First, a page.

Frances Steinfeld featured in the Langley TimesFrances Steinfeld


November 25, 2016 · 11:23 AM

Frances Steinfeld competed for Canada at the World Masters Athletics Championships in Perth, Australia recently. / Troy Landreville/Langley Times

While her results Down Under didn’t bear fruit, Frances Steinfeld’s experience was, overall, a satisfying one.

The 78-year-old Langley resident competed at the 22nd World Masters Athletics Track and Field Championships that ran Oct. 26 to Nov. 6 in Perth, Australia.

More than 4,000 competitors and 3,000 supporters from roughly 80 countries visited Perth for the 12-day event, which featured 25 events ranging from the javelin to 100m sprint.

“I finished near the bottom all the time,” said Steinfeld who competed in most throwing events except the javelin (“I had to go and see some family,” she quipped) and also the weight pentathlon, which was four throws on the same day.

For Steinfeld – a track veteran who said she started up the sport in the “late ’70s, early ’80s” — travelling to the meet offered another opportunity to visit family in Australia, and to be a tourist in the country.

Her daughter, Susan, lives in Melbourne and her brother, Robert, and his family live in Perth.

“The two cousins — my daughter and (Robert’s) daughter — were having a great time on the sidelines (shouting) Go Canada!” Steinfeld related.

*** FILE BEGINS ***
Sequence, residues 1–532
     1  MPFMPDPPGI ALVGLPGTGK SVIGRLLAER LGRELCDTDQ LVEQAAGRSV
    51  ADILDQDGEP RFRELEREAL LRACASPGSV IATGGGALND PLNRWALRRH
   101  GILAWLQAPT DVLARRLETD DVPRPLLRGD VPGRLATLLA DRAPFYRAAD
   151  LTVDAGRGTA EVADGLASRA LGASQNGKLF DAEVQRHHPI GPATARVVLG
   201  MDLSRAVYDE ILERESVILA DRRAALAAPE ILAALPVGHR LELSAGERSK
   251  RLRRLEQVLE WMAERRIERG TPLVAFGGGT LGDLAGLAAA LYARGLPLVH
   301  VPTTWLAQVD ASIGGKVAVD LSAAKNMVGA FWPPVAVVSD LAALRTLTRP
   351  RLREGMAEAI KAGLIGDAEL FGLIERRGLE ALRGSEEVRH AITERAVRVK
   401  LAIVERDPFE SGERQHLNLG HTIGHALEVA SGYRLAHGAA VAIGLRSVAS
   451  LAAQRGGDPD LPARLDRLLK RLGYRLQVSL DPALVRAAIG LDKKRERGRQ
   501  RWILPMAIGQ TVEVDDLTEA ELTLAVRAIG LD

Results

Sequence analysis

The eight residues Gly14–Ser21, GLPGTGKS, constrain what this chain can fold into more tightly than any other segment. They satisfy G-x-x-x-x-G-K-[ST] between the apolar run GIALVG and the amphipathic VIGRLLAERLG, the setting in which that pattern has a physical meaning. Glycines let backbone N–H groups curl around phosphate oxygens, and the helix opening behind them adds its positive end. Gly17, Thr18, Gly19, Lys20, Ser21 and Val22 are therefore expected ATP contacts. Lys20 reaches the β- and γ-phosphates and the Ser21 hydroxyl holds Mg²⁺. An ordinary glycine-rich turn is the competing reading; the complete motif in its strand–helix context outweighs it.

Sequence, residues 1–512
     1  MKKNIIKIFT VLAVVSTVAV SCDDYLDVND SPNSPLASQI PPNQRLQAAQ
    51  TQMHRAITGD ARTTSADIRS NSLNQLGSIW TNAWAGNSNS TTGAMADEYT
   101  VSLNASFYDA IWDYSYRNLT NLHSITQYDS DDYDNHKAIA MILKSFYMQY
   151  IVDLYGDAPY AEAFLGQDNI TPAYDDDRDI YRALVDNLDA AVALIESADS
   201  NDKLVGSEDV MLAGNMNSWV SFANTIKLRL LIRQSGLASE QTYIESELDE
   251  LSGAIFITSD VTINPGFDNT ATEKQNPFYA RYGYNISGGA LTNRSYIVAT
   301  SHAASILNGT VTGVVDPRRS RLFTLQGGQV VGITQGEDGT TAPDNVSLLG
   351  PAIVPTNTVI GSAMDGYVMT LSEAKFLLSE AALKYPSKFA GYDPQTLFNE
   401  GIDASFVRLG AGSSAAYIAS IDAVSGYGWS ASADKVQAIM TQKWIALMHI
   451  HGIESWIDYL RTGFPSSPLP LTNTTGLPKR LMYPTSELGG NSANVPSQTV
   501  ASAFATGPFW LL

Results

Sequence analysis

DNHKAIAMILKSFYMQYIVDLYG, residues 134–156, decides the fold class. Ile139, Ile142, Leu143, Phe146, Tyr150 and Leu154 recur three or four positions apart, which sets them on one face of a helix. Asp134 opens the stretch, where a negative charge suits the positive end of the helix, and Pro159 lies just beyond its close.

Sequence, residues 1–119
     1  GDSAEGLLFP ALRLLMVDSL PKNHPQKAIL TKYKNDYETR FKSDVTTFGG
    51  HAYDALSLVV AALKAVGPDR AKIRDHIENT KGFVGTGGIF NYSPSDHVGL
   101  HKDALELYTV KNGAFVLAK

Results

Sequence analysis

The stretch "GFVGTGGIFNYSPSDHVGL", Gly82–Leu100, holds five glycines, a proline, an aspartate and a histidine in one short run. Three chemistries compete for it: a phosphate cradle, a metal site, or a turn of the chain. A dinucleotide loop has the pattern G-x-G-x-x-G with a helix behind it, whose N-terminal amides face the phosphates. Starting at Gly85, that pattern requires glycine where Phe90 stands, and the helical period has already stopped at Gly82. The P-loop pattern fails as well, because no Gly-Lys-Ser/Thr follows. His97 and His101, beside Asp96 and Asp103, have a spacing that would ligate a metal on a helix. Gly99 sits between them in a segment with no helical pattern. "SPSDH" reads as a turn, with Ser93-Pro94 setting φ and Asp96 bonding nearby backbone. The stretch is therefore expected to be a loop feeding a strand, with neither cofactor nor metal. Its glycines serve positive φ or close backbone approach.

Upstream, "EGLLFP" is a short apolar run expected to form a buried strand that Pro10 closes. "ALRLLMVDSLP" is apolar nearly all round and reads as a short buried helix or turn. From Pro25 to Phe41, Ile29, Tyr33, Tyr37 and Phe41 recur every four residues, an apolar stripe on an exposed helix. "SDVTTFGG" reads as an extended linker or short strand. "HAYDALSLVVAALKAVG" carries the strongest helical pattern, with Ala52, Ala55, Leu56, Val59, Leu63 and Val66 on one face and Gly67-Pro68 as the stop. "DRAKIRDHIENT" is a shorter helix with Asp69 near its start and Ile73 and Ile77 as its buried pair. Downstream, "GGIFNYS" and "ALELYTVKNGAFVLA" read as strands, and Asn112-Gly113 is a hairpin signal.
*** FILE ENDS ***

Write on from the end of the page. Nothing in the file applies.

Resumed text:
“It was fun and that was the bottom line.”

Since you had to pay to compete, the trip to Perth was pricey. Steinfeld was asked: was it worth it?

“No,” she said candidly. “Well, not for us little bottom-of-the-heapers; I’m sure the people who are at the top of the heap who are really good at it… and they were sort of the same bunch and they all knew each other in the age group I was in. They weren’t very friendly because they didn’t know me.”

That said, Steinfeld said she was quite focused during the competition.

“When I was finished, I went off with the family, so I didn’t join the Canadian team as much,” she said.

Steinfeld attended “most” of the opening ceremonies, “but once they got going with the politicians… I’ve heard that before.”

It’s “quite the circuit,” she added.
Running to throwing

Steinfeld’s nearly four decade involvement in track and field began as a way to relieve stress and tension.

Her late husband, Rudolf, enjoyed rowing and running.

“He got me started,” Steinfeld said. “You know, when you get fat, you go for a run and eventually it [the fat] falls off. It’s the usual sequence of events.”

She eventually joined the Tri-City Greyhounds track club “because I could run fairly well, and it was much more fun running.”

In early 2000, the longtime participant in the 55-plus BC Seniors Games decided that her legs would eventually wear out, so she switched her focus to throwing events, in particular discus and shot put.

This eventually led her to the Maple Ridge-based Ultra Throw Club, guided by president Dave McDonald.

“They taught me more how to throw all five things — the shot, the discus, the hammer, the weight, and the javelin,” Steinfeld said.

She plans on staying with the club for the foreseeable future.

Club mate Basil (Scott) Henney, 91, from Maple Ridge, was also in Perth and did “incredibly well,” Steinfeld said.

McDonald also attended the World Masters meet.

“He’s an absolutely brilliant coach,” Steinfeld said.

“He takes you from the beginning. Some of them (coaches) do spins and all this sort of wonderful stuff. I haven’t quite got up to that, but look out if I get that far. I hope to throw quite a bit farther.” - LINK: http://www.langleytimes.com/sports/403030296.html?mobile=true